Friends And Family During Divorce: 5 Dos and Don’ts

written by

Emma Heptonstall

Emmaheptonstall.com Image

date published

29th August 2022

Friends and family during divorce can be a godsend. Perhaps you’re even thinking about that right now? A lot of my clients put their divorce to one side during the summer holidays. If you have children at home you don’t have the headspace, and if you don’t it’s still a good time to go a little slower and have fun – especially as your solicitor may well be on holiday anyway. So as we get towards September, lots of women are thinking about the divorce paperwork again. 

The decisions, the forms, the wrangling. It’s stressful, there’s no getting away from it. And loved ones can be a huge support. But, beware, they can also provide a lot of extra complications and drama. So here are five dos and don’ts to keep it helpful and not stressful when family and friends get involved. 

Do: set boundaries

This first one’s a biggie. Of course, your friends and family care about you and want the best for you. But does that mean they are always best placed to help you? Or that they don’t have their own agenda? No. 

The good thing is, you know your loved ones: their quirks and flaws included. If you know that Auntie May loves drama don’t feed the gossip machine! If she’s on the phone wanting to know how you are, take a moment before giving all the juicy details. 

And if your best friend went through divorce five years ago and has appointed herself your mentor, beware! She may be kind and wise. She may love you. But her divorce is not your divorce. It’s not her place to be a self-appointed expert and chances are she’s processing her own emotions through your divorce. 

So what can you do instead? Let them know you’re thankful for their kindness and concern, but that you have a plan in place. You’re doing your research and you’ll make the decisions that are right for you, in your own time.

Do: ask for the help you need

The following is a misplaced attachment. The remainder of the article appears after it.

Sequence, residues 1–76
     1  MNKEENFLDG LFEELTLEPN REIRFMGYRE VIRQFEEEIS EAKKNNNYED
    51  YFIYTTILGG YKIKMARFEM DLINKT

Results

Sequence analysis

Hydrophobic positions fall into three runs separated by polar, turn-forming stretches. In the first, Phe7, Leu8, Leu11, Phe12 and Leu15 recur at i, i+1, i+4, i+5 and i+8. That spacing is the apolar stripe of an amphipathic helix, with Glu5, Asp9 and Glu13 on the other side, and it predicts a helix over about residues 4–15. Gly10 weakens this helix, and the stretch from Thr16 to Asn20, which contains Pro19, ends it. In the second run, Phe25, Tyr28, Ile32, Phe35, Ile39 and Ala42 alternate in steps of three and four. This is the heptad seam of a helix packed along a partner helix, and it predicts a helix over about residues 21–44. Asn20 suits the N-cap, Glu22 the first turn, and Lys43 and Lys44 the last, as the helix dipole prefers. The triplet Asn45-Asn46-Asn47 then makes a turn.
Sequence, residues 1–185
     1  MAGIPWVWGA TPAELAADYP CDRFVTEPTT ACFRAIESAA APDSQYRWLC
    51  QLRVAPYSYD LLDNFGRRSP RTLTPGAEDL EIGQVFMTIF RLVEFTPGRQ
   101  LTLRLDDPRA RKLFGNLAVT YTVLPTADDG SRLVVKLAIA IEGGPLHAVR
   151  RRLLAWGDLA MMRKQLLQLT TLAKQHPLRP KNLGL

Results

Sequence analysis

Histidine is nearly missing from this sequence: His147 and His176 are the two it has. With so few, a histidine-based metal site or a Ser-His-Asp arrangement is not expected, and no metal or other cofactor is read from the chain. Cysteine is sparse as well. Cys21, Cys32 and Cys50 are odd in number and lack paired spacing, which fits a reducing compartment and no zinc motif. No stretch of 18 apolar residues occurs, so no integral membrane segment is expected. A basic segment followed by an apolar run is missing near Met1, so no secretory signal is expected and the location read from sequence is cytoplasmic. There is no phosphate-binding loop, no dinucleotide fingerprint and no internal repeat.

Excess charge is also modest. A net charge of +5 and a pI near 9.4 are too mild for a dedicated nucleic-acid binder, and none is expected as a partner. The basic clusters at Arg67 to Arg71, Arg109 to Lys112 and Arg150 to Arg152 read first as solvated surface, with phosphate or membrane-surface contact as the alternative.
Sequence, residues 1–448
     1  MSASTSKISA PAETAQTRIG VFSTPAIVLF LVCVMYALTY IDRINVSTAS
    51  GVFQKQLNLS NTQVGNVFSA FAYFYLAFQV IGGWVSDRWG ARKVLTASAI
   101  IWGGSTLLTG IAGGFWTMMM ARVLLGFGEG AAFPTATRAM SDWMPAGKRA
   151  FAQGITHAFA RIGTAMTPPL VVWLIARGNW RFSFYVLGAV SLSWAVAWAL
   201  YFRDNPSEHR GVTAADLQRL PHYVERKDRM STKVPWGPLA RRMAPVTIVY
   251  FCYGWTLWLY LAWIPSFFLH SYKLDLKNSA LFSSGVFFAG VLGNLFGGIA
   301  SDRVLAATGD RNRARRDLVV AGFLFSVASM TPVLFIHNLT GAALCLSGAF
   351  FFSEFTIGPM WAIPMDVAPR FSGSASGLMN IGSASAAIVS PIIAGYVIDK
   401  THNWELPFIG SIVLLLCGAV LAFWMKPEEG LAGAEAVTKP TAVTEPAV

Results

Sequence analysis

So many of us feel like we have to just get on with it, whatever life throws at us. It’s so ingrained in us that asking for help is a sign of weakness. Believe me when I say the opposite is true. Asking for help is a sign of strength. It shows:

  • You are self aware
  • You recognise where things could be better
  • You know you can’t do it all – which no-one ever can.

But what if you’re completely overwhelmed and don’t know what help you need? My advice is to start with the basics. Not every friend or family member can be the non-judgemental listening ear you need. But probably most of them can do a food shop for you. Or bring round a lasagne for you to reheat. Or take the children to Saturday gymnastics so you get a bit of headspace.

Look after your sleep, food and shelter first. Sleep deprivation and malnutrition are forms of torture. Let your friends ease your practical burdens. This will have a huge knock-on effect for your ability to cope with (and be the boss of!) your divorce. 

Believe me, people like to help. They like to feel needed. But they don’t always know where to start. So if you get people asking, ‘Let me know if there’s anything you need’, take them at their word. 

Do: let yourself switch off

I know divorce is front and centre on your mind. But, after years of coaching women through divorce, I also know you need to treat it as a marathon, not a sprint. And that means pacing yourself. You can’t let your divorce rule every waking moment.

How do you switch off when you’re anxious and divorce keeps demanding your attention? This is where friends and family really come into their own. You might not want their opinions on how to negotiate with your soon-to-be-ex. But you know they’re guaranteed to make you laugh at the pub quiz. Or will sit with you through the weepie rom-com for some cathartic tears.